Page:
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Diabetes During Pregnancy: Understanding Gestational Diabetes and Its Management

Understanding Gestational Diabetes and Its Management while Pregnancy

Pregnancy brings about many changes in a woman’s body. For some women, these changes can also trigger the development of gestational diabetes while pregnant. Gestational diabetes is a type of diabetes that develops during pregnancy and usually disappears after giving birth. However, it can have serious consequences for both mother and baby if not properly managed. This article discusses gestational diabetes in depth, including its causes, symptoms, screening and diagnosis, treatment options, and long-term health risks.

What is Gestational Diabetes?

Gestational diabetes is defined as elevated blood sugar levels that are first detected or observed during pregnancy. This occurs when the hormones produced during pregnancy interfere with the body’s ability to use insulin effectively. Insulin is a hormone produced by the pancreas that allows body cells to use sugar (glucose) from carbohydrates in food for energy in a woman who does not have diabetes, the body becomes insulin resistant due to excess hormones that occur during pregnancy.

The pancreas usually responds by producing more insulin to overcome this resistance. However, in some women, the pancreas cannot cope with the increased demand, causing blood sugar levels to rise. This condition is called gestational diabetes.

Normally, hormone levels peak between 24-28 weeks of pregnancy. However, it can also grow earlier or later in pregnancy. Blood sugar levels while pregnant and after delivery are usually normal. However, women who have had gestational diabetes have an increased risk of developing type 2 diabetes later.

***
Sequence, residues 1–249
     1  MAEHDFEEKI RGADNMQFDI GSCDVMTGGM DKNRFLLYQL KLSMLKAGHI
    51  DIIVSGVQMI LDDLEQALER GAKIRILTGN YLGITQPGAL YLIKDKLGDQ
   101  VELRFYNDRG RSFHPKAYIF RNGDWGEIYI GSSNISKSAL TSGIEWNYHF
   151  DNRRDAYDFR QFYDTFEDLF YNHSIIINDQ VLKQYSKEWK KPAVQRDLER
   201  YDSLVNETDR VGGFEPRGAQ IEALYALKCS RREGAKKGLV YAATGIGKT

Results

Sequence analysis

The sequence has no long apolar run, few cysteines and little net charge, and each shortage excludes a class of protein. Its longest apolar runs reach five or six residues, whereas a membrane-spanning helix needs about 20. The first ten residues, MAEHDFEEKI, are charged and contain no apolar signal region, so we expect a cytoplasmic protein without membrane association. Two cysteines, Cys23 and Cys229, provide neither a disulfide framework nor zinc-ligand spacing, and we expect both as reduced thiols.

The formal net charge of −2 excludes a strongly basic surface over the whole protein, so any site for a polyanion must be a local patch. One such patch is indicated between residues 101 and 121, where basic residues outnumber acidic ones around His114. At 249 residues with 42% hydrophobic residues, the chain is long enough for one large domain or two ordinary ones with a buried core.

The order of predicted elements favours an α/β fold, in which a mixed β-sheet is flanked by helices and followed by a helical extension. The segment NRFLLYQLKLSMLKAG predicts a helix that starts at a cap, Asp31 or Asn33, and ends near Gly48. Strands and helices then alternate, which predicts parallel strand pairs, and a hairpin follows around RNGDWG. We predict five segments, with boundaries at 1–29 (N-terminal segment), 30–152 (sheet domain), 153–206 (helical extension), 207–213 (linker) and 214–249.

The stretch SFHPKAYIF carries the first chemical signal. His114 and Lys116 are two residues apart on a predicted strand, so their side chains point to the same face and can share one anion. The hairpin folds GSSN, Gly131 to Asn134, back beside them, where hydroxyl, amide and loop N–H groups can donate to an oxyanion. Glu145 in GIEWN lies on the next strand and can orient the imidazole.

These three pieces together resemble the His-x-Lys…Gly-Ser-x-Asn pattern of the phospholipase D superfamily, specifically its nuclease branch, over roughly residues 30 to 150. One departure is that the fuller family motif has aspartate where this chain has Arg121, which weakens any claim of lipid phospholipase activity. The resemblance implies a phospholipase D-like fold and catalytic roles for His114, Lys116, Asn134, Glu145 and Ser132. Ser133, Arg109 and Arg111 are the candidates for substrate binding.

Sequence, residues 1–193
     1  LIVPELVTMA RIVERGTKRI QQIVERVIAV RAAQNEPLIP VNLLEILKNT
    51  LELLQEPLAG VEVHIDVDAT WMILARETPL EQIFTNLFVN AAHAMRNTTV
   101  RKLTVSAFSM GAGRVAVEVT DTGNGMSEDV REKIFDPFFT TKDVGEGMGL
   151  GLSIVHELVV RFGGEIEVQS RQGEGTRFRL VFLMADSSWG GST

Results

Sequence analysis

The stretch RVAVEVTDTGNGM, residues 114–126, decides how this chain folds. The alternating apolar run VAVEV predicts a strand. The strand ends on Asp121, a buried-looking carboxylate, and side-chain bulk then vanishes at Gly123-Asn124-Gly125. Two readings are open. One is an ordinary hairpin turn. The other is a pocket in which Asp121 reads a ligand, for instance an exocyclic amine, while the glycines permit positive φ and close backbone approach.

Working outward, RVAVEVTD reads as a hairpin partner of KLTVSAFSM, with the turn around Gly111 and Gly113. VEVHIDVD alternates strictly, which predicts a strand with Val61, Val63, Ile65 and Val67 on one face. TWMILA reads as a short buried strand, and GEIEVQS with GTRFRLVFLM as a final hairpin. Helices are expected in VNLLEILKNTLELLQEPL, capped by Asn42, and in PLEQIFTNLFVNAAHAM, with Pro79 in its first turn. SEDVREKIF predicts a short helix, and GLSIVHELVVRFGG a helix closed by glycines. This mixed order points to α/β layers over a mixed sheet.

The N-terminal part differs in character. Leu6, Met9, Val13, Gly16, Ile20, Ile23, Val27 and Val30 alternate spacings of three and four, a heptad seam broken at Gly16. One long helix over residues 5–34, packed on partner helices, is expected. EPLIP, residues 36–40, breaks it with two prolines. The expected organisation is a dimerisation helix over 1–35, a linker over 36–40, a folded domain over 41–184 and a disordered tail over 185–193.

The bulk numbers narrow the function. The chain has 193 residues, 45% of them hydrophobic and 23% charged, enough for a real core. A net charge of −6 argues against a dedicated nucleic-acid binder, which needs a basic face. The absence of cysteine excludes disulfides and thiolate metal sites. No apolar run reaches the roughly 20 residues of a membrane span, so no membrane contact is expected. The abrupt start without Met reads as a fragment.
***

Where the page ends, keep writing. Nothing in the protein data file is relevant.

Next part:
What are the Causes of Gestational Diabetes?

The exact causes of gestational diabetes are not fully understood, but several factors are believed to play a role:

  • Pregnancy hormones: Hormones produced by the placenta during pregnancy, such as progesterone, interfere with the body’s ability to use insulin effectively. This insulin resistance increases as pregnancy progresses.
  • Family history: Women who have a parent or sibling with type 1 diabetes or type 2 diabetes are more likely to develop gestational diabetes.
  • Age: Older pregnant women, especially those over 25, are at higher risk.
  • Weight: Being overweight or obese before pregnancy increases risk. Excess weight requires more insulin to keep blood sugar levels normal.
  • Race/ethnicity: Native American, Hispanic/Latina, African American, Asian, and Pacific Islander women face higher risks.
  • Polycystic ovary syndrome (PCOS): Women with PCOS already have some degree of insulin resistance and are more likely to develop gestational diabetes.

Some Common Signs and Symptoms of Diabetes

Here are some of the most common signs of diabetes while pregnant:

  • Increased thirst – As blood sugar levels rise, the body produces more urine, causing dehydration and increased thirst. Pregnant women may feel excessively thirsty.
  • Frequent urination – The kidneys work to flush out excess blood sugar through urine. Pregnant women with high blood sugar levels may notice needing to urinate often, including at night.